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‘Dead’ banker who embezzled tens of millions arrested for fraud in Georgia

Published time: January 02, 2014 22:01
Edited time: January 04, 2014 18:56
Combination photo shows Aubrey Lee Price pictured in an undated photo courtesy of the FBI (L) and in an undated booking photo courtesy of the Glynn County Sheriff's Office (R). (Reuters)

Combination photo shows Aubrey Lee Price pictured in an undated photo courtesy of the FBI (L) and in an undated booking photo courtesy of the Glynn County Sheriff's Office (R). (Reuters)

​A banker wanted by the FBI for a $21 million fraud case was arrested Tuesday in Georgia after being stopped for a minor traffic violation. The man disappeared a year and a half ago after penning a note announcing his planned suicide.

Aubrey Lee Price, 47, was stopped along I-95 in Glynn County, Georgia for a tinted window violation, according to local police. Officers said they soon determined he was wanted by the FBI. Price was to appear Thursday before a federal judge in Brunswick, Georgia.

The arrest comes over a year since a Florida judge declared Price legally dead. Despite the ruling, the FBI continued the search, offering a reward of $20,000 for Price’s capture.

Price was last seen in June 2012 boarding a ferry in Key West. Florida. He vanished after sending a letter to acquaintances and federal regulators admitting to losing the money and pledging to kill himself.

In 2010, an investment group Price controlled infused enough money into the failing Montgomery Bank & Trust to earn a controlling stake. As director in charge of investing the bank’s capital, he is alleged to have then stolen, misappropriated and embezzled around $21 million from MB&T, according to his indictment.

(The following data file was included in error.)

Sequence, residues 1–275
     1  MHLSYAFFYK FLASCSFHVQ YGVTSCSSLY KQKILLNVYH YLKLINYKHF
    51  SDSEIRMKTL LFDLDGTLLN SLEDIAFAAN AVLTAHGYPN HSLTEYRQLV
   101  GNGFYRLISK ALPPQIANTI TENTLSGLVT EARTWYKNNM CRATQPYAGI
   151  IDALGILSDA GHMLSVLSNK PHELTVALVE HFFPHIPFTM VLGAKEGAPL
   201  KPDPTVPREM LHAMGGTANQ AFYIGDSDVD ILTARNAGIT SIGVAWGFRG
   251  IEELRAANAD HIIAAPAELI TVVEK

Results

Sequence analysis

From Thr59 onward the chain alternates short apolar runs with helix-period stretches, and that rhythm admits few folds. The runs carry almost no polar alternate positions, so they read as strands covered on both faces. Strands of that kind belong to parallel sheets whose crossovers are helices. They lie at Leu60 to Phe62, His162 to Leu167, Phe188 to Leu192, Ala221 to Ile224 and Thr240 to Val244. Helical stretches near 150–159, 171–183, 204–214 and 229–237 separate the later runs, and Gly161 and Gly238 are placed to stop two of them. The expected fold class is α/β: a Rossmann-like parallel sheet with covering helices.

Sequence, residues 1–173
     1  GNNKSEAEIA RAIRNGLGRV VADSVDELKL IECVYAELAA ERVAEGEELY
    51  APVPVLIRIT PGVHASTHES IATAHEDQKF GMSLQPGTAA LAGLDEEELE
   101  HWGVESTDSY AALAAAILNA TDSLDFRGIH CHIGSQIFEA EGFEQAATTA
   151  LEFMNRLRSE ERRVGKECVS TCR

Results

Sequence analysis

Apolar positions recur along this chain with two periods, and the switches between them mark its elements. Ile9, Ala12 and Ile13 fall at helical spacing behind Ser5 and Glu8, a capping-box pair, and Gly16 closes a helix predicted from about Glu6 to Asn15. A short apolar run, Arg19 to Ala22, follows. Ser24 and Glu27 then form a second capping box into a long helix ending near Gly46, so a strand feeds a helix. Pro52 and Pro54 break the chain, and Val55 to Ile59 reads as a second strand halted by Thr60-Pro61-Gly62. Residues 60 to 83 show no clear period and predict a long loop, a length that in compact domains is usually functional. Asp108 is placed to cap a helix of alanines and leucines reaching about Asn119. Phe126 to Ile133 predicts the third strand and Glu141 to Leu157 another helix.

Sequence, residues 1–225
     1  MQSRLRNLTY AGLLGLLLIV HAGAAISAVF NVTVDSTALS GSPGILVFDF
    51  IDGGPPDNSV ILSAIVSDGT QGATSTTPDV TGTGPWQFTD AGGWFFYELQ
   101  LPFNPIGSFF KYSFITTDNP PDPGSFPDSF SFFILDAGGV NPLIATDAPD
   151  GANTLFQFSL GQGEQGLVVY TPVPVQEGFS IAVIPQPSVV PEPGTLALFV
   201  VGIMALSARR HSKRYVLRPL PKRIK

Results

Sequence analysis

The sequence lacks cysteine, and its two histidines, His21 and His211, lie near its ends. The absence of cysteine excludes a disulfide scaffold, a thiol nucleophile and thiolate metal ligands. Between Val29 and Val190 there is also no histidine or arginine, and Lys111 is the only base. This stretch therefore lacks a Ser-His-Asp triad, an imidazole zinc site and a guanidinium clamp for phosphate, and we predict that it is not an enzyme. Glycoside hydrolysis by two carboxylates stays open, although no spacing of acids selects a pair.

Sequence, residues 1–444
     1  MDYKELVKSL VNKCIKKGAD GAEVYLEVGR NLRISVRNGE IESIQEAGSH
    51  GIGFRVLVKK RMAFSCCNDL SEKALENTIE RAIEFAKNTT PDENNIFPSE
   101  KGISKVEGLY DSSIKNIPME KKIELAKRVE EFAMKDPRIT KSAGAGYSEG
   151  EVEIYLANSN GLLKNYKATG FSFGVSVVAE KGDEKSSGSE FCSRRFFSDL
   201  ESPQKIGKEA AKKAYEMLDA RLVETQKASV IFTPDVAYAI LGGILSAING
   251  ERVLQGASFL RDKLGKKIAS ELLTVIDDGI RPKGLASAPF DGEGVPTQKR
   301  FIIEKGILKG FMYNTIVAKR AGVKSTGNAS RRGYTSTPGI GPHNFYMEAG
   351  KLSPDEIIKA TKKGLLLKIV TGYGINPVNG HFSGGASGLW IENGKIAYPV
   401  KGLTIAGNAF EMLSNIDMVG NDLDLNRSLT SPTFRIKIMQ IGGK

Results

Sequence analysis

Upon the charge of wire fraud, a federal arrest warrant was issued for Price in the United States District Court in Brooklyn on June 28, 2012. The Securities and Exchange Commission froze his assets in July 2012.

"In order to conceal mounting losses of investor funds, Price created bogus account statements with false account balances and returns that were provided to investors and bank regulators," the SEC said.

Price provided MB&T officials with fraudulent account statements which indicated the bank's capital was safely held in a separate account.

The former banker had financed the building of churches in South America and had done missionary work in the same areas, the FBI says. He traveled to Venezuela on June 2, 2012, weeks before he disappeared.

Via a 22-page letter entitled “Confidential Confessionfor Regulators,” Price wrote he lost a large sum of money through trading, his arrest affidavit states. He also said he planned to commit suicide by jumping from a ferry boat off the Florida coast.

"My depression and discouragement have driven me to deep anxiety, fear and shame. I am emotionally overwhelmed and incapable of continuing in this life," said the confession letter supposedly written by Price, AP reported.

"I created false statements, covered up my losses and deceived and hurt the very people I was trying to help," he said, adding no one else knew of the fraud.

MB&T failed shortly after Price’s disappearance in July 2012.

Surveillance footage captured Price boarding a ferry in Key West bound for Fort Myers, Florida on June 16, 2012.

Though his body was never found, a judge declared Price dead a year ago, according to AP.

Comments (14)

 

Lauren Lee 19.02.2014 15:02

I'd like to see the head of JP Morgan get a life sentence like Maddoff, they covered what he was doing and all they got was a fine. What's w the lets just pick and choose who goes to prison and who pays fines? Where is our American justice? Oh that's right, it no longer exists

 

Mike Littlefield 05.01.2014 15:55

Considering how much he stole from people, the feds will prosecute him much more vigorously than they did Aaron Schwartz. Of course I'm being sarcastic because I have absolutely no faith in the american "justice" system.

 

Roy Tremain 05.01.2014 15:43

Please check Wikipedia about the Protocols of the Elders of Zion:
"Adol f Hitler and the Nazis publicized the text as though it were a valid document, although it had already been exposed as fraudulent. After the Nazi Party came to power in 1933, it ordered the text to be studied in German classrooms. The historian Norman Cohn suggested that Hitler used the Protocols as his primary justification for initiating the Holocaust—his "warrant for genocide".[1]&q uot;

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